Why some people recover from Lyme disease, while others experience months, years or even decades of chronic symptoms has long puzzled doctors. New research offers clues to an immune system marker in the blood that is elevated in people with persistent symptoms of Lyme disease, even after receiving antibiotics.
In the new study, published May 9 in the Center for Disease Control and Prevention’s Emerging Infectious Diseases journal, researchers found that an immune system marker in the blood called interferon-alpha was elevated in people who had been treated for Lyme disease but who had persistent symptoms. .
Interferon-alpha is one of the few key signaling proteins the body makes to tell immune cells to fight off bacteria or viruses. If blood levels are too high, the immune system can overreact, causing pain, swelling and fatigue – symptoms often seen with Lyme disease.
In patients with high levels of interferon-alpha, the immune response to Lyme bacteria can cause chronic inflammation even after the infection clears, said Klemen Strle, assistant research professor of molecular biology and microbiology at the ‘Tufts University and study author new study.
“We think this is a possible driver of persistent symptoms,” Strle said. And since a number of drugs are already approved to reduce interferon-alpha, he suggested the research could mean a possible treatment option for persistent Lyme symptoms.
The study was small, including 79 people diagnosed with Lyme disease, and found only a link between higher levels of interferon alpha and persistent Lyme disease symptoms, not just the immune marker was itself causing the lasting symptoms. A larger clinical trial would be needed to confirm the link.
Between 30,000 and 500,000 people each year develop Lyme disease from a tick bite, according to the CDC. For the most part, the infection is mild and easy to treat with antibiotics. About 10% experience symptoms like fatigue and brain fog as well as muscle, joint and nerve pain that persists even after treatment.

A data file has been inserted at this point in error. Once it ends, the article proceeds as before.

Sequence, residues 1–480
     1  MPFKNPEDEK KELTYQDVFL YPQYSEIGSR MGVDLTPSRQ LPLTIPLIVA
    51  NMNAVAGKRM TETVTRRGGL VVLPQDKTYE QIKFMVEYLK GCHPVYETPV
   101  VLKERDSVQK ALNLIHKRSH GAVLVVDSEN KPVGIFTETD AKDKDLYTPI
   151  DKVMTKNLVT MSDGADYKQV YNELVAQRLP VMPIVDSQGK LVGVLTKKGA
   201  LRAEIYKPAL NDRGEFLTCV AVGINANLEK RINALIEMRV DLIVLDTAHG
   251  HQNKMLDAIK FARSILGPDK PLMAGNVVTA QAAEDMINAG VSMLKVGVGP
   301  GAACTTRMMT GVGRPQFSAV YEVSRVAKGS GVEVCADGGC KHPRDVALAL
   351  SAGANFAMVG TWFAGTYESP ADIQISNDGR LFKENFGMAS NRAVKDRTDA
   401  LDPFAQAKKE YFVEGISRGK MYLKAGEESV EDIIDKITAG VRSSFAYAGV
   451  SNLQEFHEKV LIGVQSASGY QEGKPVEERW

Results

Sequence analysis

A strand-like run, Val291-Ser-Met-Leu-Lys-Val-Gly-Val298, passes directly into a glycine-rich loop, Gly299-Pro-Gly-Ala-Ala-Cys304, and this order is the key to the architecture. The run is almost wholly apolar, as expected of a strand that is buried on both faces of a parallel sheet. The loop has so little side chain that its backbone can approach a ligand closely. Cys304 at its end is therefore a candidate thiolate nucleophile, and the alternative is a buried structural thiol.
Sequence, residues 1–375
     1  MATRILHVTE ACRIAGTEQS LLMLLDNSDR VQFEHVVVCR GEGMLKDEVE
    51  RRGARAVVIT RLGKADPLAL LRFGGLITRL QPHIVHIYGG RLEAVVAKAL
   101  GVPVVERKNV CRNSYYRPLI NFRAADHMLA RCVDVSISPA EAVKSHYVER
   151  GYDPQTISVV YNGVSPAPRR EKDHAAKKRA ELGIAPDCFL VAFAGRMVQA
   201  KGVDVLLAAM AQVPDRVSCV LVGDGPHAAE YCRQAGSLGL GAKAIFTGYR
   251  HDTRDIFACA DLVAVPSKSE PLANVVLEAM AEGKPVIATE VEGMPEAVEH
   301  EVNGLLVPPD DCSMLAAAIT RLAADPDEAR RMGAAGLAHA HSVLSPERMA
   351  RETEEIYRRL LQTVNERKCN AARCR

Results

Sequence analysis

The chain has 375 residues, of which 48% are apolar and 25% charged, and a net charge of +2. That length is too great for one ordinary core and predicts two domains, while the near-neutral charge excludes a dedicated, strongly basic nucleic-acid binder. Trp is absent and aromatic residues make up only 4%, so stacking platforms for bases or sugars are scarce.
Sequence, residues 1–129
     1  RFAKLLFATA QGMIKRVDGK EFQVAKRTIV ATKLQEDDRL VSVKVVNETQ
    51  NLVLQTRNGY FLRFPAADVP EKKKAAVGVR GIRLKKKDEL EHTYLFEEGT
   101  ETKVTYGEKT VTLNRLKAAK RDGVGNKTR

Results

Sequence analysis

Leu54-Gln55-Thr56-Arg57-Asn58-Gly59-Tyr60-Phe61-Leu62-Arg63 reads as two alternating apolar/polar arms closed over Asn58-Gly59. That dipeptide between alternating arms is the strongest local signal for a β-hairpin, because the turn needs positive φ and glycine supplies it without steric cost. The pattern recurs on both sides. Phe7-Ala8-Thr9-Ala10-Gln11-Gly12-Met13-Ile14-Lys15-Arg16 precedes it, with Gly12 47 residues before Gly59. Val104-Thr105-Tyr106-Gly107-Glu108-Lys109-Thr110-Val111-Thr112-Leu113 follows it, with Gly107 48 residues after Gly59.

The new findings represent a significant shift in understanding of why some people infected with Lyme experience chronic symptoms. Previously, some researchers thought that a specific strain of the spiral-shaped bacterium Borrelia burgdorferi that causes Lyme disease might be the cause. Others have wondered if undetectable low levels of infection persist in the body after treatment. The new research suggests that how the body reacts to the bacteria — not the bug itself — could lead to long-lasting symptoms.
It’s still unclear why some people have high levels of interferon alpha, but Strle said he’s looking into a possible genetic cause.
Although interferon alpha research is still in its early stages, Dr. Roberta DeBiasi, chief of the division of pediatric diseases at Children’s National Hospital in Washington, DC, called it “very well-designed and interesting.”
“It provides a possible therapeutic target that could be studied in clinical trials to treat these patients,” she said.
For people struggling with persistent Lyme symptoms, any biological explanation for the condition called post-treatment Lyme disease syndrome, or PTLDS, is a step forward.
Years of Lyme Symptoms
Rebecca Greenberg isn’t sure when she first contracted Lyme disease, but she has her suspicions. Greenberg, now 26, vividly remembers her mother pinching a small, firm tick on the back of her neck after playing at a playground near Albany, New York, when she was 9. She may have had several tick bites during her stay in the Adirondacks, but she didn’t worry about it until she started feeling sick at age 15.
“I was so tired I was telling my mom I couldn’t wake up to go to school anymore,” said Greenberg, who grew up in upstate New York but now lives down south. from Florida. “My muscles would hurt, my joints would hurt and I would get these migraines.”
Doctors told Greenberg his symptoms were likely hormonal, and when Greenberg landed in the emergency room unable to move the left side of his body, they prescribed him anti-anxiety medication and suggested he see a neurologist. Those doctors weren’t much help either, Greenberg said. Her symptoms eventually became so severe that she stopped going to school and needed a wheelchair.
It wasn’t until 2011, after Greenberg’s mother posted her daughter’s mystery illness on Facebook, that a pediatrician friend suggested Lyme disease. Antibody tests soon showed Greenberg had been infected with Lyme and two other bacterial infections, babesiosis and bartonella.